British Columbia

B.C. moves to weekly COVID 19 reporting, changes how deaths are counted

The British Columbia government has made the switch to providing COVID-19 updates on a weekly rather than daily basis, saying the change aligns with a shift away from a case-management model to a surveillance model.

As of Thursday there were 334 people in hospital with COVID-19, including 38 in critical care

For much of the pandemic, B.C. Provincial Health Officer Dr. Bonnie Henry and Health Minister Adrian Dix held regular weekly briefings and provided daily COVID-19 numbers. As of April 7, 2022, the province has moved to weekly data reporting. (Mike McArthur/CBC)

The British Columbia government has made the switch to providing COVID-19 updates on a weekly rather than daily basis, saying the change aligns with a shift away from a case-management model to a surveillance model.

A Health Ministry bulletin says the weekly reports will focus on identifying meaningful changes in key COVID-19 measurements and trends over time.

It also says that reporting on deaths is changing to count all deaths that occurred within 30 days of the person's positive lab result, regardless of whether the underlying cause of death was found to be linked to COVID-19.

The change is the latest the province has made in its approach to managing the pandemic, which has claimed 3,004 lives to date.

'Being able to manage ourselves now'

On Friday, British Columbians will no longer need to show their vaccine passport cards as of 12:01 a.m., while the mask mandate for most indoor public spaces was lifted March 11.

Provincial health officer Dr. Bonnie Henry said on Thursday that the changes aren't a sign that the pandemic is over, but shifting to a phase where people should be able to manage its risks on their own.

She said most British Columbians have high levels of protection from serious illness due to COVID-19 because of vaccination.

B.C. will drop its mandatory vaccine card system this Friday. There will also be a fourth round of vaccine doses for elderly and immunocompromised British Columbians. For more on this, we reached provincial health officer Dr. Bonnie Henry.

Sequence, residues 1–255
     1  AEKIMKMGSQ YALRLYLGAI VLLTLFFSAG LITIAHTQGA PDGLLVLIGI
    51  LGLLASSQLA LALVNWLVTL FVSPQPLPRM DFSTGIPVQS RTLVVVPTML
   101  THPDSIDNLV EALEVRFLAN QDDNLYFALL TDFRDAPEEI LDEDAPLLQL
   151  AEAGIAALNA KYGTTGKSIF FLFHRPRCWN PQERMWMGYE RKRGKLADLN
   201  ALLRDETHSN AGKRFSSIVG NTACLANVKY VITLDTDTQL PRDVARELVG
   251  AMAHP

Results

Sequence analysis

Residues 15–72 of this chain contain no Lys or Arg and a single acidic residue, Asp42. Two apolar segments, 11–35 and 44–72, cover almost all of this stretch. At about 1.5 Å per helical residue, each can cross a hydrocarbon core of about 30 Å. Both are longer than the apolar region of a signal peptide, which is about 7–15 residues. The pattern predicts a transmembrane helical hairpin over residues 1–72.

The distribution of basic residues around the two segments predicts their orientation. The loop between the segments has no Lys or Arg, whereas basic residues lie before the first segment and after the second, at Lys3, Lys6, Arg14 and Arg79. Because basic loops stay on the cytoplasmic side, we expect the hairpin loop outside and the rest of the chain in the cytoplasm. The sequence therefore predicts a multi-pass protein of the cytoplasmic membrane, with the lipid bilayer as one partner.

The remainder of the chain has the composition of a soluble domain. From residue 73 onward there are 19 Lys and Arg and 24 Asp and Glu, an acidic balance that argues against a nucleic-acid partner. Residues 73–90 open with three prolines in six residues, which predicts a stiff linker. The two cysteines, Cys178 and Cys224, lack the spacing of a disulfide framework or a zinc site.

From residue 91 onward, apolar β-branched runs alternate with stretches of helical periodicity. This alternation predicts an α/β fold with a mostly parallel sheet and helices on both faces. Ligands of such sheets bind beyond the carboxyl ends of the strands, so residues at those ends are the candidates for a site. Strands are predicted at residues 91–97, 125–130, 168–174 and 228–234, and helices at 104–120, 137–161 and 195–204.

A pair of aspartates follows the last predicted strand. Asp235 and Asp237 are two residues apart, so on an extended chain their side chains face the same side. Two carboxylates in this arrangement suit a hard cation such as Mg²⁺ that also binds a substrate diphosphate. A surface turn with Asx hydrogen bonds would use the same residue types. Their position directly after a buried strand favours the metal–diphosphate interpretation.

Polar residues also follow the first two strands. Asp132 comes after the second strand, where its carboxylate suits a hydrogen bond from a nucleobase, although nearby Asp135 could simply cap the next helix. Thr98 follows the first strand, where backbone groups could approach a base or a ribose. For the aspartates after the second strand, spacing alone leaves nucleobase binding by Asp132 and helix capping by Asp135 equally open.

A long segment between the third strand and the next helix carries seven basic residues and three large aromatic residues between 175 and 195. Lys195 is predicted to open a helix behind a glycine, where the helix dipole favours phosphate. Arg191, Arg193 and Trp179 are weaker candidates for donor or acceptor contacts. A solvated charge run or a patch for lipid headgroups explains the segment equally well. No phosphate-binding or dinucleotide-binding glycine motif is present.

"This virus is still here and it is going to be here for years and we're going to have to manage it without having to take legal or draconian measures that also have negative impacts," she said. "It's really being able to manage ourselves now."

Henry is asking people to monitor for symptoms, seek rapid tests and stay home if you are ill until your symptoms resolve.

11 deaths from Mar. 27 to April 2

Until now, whenever someone with a confirmed case of COVID-19 died, their death was reviewed to determine whether the cause was the infection.

The ministry says the new, "broader definition'' means some deaths will be reported that aren't actually caused by COVID-19.

It says the reports will be posted on the B.C. Centre for Disease Control (BCCDC) website on Thursdays with data spanning the previous Sunday to Saturday.

There will likely be a one-time increase in the number of people ever hospitalized with the move to "broader administrative data,'' it notes.

Information on COVID-19 cases will be based on a person's first molecular or PCR test through the province's medical services plan, the ministry bulletin says.

The first weekly report covering March 27 to April 2 shows 11 people died, a measure of "30-day all-cause mortality,'' while 193 people were admitted to hospital with COVID-19 and a total of 1,706 new cases were confirmed during that time.

 

By comparison there were 13 deaths reported from March 20 to March 26, and 20 deaths from March 13 to March 19, under the new reporting system.

From March 20 to March 26, there were 220 hospital admissions due to COVID-19.

The weekly report said that the number of deaths recorded from March 27 to April 2 is expected to increase as more data becomes available.

On Thursday, the BCCDC reported on its COVID-19 dashboard that 324 people in hospital, down four patients from the day before and 38 people in the ICU, an increase of one. 

Wastewater levels up, vaccinations slowing

Meanwhile, levels of COVID-19 transmission detected in wastewater samples in four of Metro Vancouver's five treatment plants increased, continuing a trend seen in the latter half of March.

Levels remained between 72 and 90 per cent lower than detected during the peak of Omicron transmission recorded in January.

The number of new vaccines being distributed is slowing, with the number of third vaccines given out increasing by less than one percent over the past week for a total of 53.76 percent of eligible British Columbians receiving a third dose as of Apr. 6.

Earlier this week, the government announced it is distributing fourth doses for people 70 and older and other vulnerable groups.

With files from Chad Pawson, Justin McElroy and The Early Edition

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